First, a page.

While performing off Broadway in the 1980s, Martindale worked as a private investigator to make ends meet. Wayne Knight (Newman from Seinfeld) worked in the same office. That gave her some real world experience in Audrey’s line of work.
“Everybody there was an actor,” Martindale said. “Wayne and the boys got to go out on the street and bust up counterfeit rings and stuff, do surveillance in a car. All of mine was done sweet talking people on the phone, getting dirt on people, getting dirt on husbands from neighbors, getting dirt on anybody who was applying for a job for headhunters. It was a deceptive job. Very Audrey.”
Sneaky Pete began as a CBS show, where Shore had conceived it as a “con of the week.” Marius/Pete and Julia would catch a different crook every episode. Yost took over in February 2016, when it was already an Amazon show, and realized he could go into more detail. For example, Marius trying to crack Audrey’s safe became a major subplot.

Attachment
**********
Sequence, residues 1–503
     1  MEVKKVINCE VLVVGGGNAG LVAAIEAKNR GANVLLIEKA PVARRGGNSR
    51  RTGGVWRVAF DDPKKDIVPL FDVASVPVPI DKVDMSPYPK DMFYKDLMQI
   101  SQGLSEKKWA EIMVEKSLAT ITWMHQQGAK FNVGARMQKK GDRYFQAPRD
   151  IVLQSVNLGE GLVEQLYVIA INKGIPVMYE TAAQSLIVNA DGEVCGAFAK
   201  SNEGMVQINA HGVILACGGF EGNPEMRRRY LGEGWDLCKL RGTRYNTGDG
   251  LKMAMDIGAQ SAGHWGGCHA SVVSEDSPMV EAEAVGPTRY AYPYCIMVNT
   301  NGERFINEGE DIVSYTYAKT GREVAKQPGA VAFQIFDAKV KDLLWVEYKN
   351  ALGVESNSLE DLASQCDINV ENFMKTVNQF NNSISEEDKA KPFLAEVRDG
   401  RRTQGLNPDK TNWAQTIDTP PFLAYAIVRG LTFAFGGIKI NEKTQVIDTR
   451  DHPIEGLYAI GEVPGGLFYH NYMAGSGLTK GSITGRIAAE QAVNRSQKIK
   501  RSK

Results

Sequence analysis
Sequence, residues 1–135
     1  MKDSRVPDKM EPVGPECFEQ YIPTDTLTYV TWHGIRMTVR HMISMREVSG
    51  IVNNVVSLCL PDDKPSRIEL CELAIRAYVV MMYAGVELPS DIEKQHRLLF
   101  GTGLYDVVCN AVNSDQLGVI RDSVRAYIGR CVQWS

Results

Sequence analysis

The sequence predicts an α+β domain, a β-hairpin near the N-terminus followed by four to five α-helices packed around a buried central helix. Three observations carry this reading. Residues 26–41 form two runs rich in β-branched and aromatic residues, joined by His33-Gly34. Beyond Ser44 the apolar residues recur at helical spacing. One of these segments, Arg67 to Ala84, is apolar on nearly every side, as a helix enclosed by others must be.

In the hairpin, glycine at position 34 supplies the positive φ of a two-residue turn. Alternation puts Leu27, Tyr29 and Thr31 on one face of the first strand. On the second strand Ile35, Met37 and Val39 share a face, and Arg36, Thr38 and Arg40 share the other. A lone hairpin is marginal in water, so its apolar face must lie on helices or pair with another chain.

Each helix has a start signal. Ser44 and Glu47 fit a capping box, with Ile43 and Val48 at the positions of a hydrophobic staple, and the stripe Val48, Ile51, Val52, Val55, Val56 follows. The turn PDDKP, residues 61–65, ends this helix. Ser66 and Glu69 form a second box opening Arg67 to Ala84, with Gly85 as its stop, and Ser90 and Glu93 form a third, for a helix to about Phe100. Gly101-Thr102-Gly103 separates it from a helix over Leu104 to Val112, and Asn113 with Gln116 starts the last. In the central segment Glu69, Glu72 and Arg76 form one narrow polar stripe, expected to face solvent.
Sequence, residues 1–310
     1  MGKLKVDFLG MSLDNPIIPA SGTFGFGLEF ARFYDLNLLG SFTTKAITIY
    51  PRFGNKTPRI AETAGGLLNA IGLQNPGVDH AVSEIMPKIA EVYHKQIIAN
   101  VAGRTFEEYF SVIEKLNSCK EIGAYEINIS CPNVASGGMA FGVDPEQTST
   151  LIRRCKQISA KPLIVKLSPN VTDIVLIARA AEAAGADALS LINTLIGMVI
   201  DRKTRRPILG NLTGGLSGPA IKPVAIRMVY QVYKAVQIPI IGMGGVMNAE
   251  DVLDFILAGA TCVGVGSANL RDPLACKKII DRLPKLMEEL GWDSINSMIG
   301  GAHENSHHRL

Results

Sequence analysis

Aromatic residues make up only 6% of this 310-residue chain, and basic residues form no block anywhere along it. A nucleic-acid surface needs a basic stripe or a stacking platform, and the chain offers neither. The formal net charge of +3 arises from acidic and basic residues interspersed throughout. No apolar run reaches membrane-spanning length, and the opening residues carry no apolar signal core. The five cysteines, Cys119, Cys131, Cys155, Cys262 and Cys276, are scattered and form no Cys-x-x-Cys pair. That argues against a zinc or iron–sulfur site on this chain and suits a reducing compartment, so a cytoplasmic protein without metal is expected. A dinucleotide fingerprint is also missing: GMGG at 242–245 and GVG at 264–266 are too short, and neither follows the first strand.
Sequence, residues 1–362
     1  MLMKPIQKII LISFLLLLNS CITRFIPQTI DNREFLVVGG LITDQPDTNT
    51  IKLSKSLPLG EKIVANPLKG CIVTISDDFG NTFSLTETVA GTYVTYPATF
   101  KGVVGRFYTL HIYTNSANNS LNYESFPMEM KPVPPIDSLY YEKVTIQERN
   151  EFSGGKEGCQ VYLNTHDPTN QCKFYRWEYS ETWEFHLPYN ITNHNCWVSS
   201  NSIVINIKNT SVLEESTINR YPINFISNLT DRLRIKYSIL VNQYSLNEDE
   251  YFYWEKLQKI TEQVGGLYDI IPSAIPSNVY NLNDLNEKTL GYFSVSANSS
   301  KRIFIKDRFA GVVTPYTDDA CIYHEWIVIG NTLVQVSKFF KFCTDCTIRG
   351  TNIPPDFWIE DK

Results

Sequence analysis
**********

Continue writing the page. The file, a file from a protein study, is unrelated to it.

“I was originally thinking getting into the safe will take one episode,” Yost said. “The writers room said, ‘You know what? We’re doing a streaming show. We can slow that roll. Let’s explore that. Let’s make that harder, and let’s make the safe be a big thing, so that once we finally get into that safe, it’s a big reveal, and then there are ramifications because of that.’”
For the CBS incarnation of the show, Ireland studied bounty hunters, especially female bounty hunters. But the Amazon version became more character-driven.
“Originally in the CBS version, we were much more bounty hunting sidekicks,” Ireland said. “At that point I was doing all this crazy research on lady bounty hunters. You really uncover some fascinating people. One of the most famous female bounty hunters is 4’2”. That was very fun, but ultimately the interesting thing about the character is she is kind of bad at it. She’s trying to get better at it and gets shown up a lot by him.”